September 7 was one of those liminal days when the air is cool and the pale blue sky is open and sunny (there is just a wisp of a cloud in the top left corner). The woman facing the camera is wearing a thick shawl and a heavy coat, the other is in a light dress, epitomizing the two sides of the Russian “Indian summer” and, perhaps also, the desire to use hope to trump the cold reality, for "it was a brilliant cold day," as Steinbeck noted in his Journal. Both women are young and beautiful and strikingly dignified. But their faces suggest a more complicated story. The furrowed brow, the lines around the mouth, the alarm in the eyes of the woman facing the camera -- what is behind them? And what about her dancing partner? Alone in the frame in a white flowery dress, her hair beautifully arranged, but her gaze is fixed on a point in infinity and her  profile is frozen into a classical tragic mask. Her right arm, bare and vulnerable, is gracefully stretched out, and the slight curve of her back is protected by the hand of her partner, apparently, stronger and more practically dressed. The tension is palpable. Were the music to stop at that moment, one of them and perhaps both would hunch over and burst out crying. To make sure your are not imagining all of this emotional dynamite, you check their expressions and posture against the other two female couples in the background: they, too, look tentative, dispirited, and forlorn, though lacking in grace and dignity compared to the couple in the foreground. The out-of-focus smiling faces to the right of the dancers only amplify the grotesque contrast between the intended mood of the festivities and the pain of the city's post-war life. So much sadness fills this instant captured by Capa that it can never be effaced or redeemed. 

Seven years later, in 1954, a year after Stalin’s death, and, it happens, a few months after Jean-Paul Sartre and Simone de Beauvoir attended the May Day parade in Moscow, Henri Cartier-Bresson, Capa’s good friend and, with him, a co-founder of the Magnum Agency, made a trip to the USSR. He was the first Western photojournalist to be allowed the privilege of touring the Soviet Union since Stalin's death and, perhaps, even since his friend's 1947 visit. He produced a fuller, richer set of images, with plenty of faces not shying away from his Leica lens. Cartier-Bresson was a greater artist than Capa and enjoyed better conditions in the USSR, then slowly beginning to “thaw” from the deep freeze of Stalinism. O what a difference do seven years make! Or perhaps, not just the seven years. Cartier-Bresson was also more "engaged," to use Sartre's term, and had, for awhile, belonged to the French Communist Party (see Jean-Pierre Montier, Henri Cartier-Bresson, figure de l’« intellectuel » ?). One needs only to compare his sets of photographs from the USA tour of the 1930s and 1940s with the pictures from his 1954 tour serialized in Life in January 1955 and later that year collected into The People of Moscow. US is sinister, violently racist, aggressive and plutocratic. USSR is, well, a bit backward, a bit absurd, but always charmant.

Going to Russia, Cartier-Bresson was, no doubt, aware of Capa's Russian Journal and considered it a challenge. More than a challenge. Robert Capa, who had sworn after Normandy never to go to a combat zone, died on May 25 of that year after stepping on a land mine while covering the Indochina War. Carier-Bresson arrived in Moscow in August. I suspect that on one of his first days in Moscow, he recognized the scene matching the striking imаge of the dancing women captured by his now late friend and forever an artistic rival. The women's posture is almost a replica of Capa's image but instead of the post-war tragic sterility of a female couple dancing, frozen in a catatonic seizure of the shot, Cartier-Bresson's young women are eagerly eyed by two rakes in uniform, even as the street car in the background (echoes of Dziga Vertov?) adds to the dynamism of an urban scene.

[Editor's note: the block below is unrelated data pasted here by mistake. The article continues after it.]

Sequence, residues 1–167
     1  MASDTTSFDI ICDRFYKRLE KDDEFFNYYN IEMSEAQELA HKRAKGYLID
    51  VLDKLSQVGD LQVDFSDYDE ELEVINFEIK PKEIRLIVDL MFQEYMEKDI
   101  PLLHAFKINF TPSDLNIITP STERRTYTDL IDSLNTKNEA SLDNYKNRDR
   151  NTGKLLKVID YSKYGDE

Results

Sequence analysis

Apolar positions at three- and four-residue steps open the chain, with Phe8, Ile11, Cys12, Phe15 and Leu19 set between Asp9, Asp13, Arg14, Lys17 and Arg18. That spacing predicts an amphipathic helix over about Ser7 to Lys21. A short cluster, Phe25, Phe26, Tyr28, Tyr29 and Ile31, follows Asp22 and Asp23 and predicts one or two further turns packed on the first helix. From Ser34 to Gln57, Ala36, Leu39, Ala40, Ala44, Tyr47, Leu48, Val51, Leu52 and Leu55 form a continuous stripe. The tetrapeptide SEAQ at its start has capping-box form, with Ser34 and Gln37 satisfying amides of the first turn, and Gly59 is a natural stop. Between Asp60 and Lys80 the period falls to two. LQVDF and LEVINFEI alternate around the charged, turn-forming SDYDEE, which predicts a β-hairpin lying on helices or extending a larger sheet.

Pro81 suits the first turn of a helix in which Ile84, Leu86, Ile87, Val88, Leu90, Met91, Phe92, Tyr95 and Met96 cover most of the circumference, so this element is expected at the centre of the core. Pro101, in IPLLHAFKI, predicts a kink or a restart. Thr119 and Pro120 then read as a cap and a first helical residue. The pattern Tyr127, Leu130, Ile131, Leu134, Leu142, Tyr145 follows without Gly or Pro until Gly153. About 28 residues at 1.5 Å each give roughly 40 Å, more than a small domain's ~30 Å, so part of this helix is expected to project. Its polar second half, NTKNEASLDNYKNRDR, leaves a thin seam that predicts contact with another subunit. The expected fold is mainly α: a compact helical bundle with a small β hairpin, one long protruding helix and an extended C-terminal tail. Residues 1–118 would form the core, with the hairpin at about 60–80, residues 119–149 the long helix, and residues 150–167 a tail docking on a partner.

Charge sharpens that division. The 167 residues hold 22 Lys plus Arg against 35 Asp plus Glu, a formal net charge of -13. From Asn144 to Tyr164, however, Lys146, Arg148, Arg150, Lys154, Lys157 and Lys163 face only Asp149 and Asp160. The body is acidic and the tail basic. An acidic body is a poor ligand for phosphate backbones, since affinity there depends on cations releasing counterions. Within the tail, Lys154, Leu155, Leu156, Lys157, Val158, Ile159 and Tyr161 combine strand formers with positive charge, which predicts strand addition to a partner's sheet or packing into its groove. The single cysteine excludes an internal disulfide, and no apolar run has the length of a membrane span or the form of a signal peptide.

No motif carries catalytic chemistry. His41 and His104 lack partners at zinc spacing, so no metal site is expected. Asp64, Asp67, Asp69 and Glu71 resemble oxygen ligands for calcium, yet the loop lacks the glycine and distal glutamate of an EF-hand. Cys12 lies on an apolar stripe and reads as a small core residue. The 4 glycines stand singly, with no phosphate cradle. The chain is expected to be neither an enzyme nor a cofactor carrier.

Recognition was instant, instinctive. Echoing Capa's decisive moment, Cartier-Bresson squeezed the shutter, et voila -- the match was complete. 

For me, the two photos, their horizontal and vertical composition complementary, stand as deeply moving emblems, Capa's of the post-war state of shock in Stalinist Moscow, busy refashioning itself into a world empire, Cartier-Bresson's, for the year of hopes of Moscow's Thaw generation. And even if I realize now that Capa, the archetypal battlefield photographer, continued to see the tragedy of war in the peacetime Moscow, and Cartier-Bresson framed his Russia to accommodate the notions of a French leftist intellectual regarding the world's first Socialist society, both images continue to haunt me — and shape the memory of my own and my country’s past. The magic aura of these images is undiminished, perhaps, even amplified by their digital multiplication. 

I shake my head in disbelief... Could it be, then, that the rumor, publicized by Walter Benjamin, of its demise in the age of mechanical, now digital, reproduction of art was a little exaggerated?

Berkeley, 27 December 2012


  1. So interesting and moving, Grisha! I'm reading this at my in laws' house, and they happened to have a book of Capra's photos. There's one intriguing one also from 1947, a stop in Ukraine. I'll try to post it as a response to your fb post.

  2. Always welcome what other sensitive and trained eyes lived and saw..thank you for keeping HISTORY ALIVE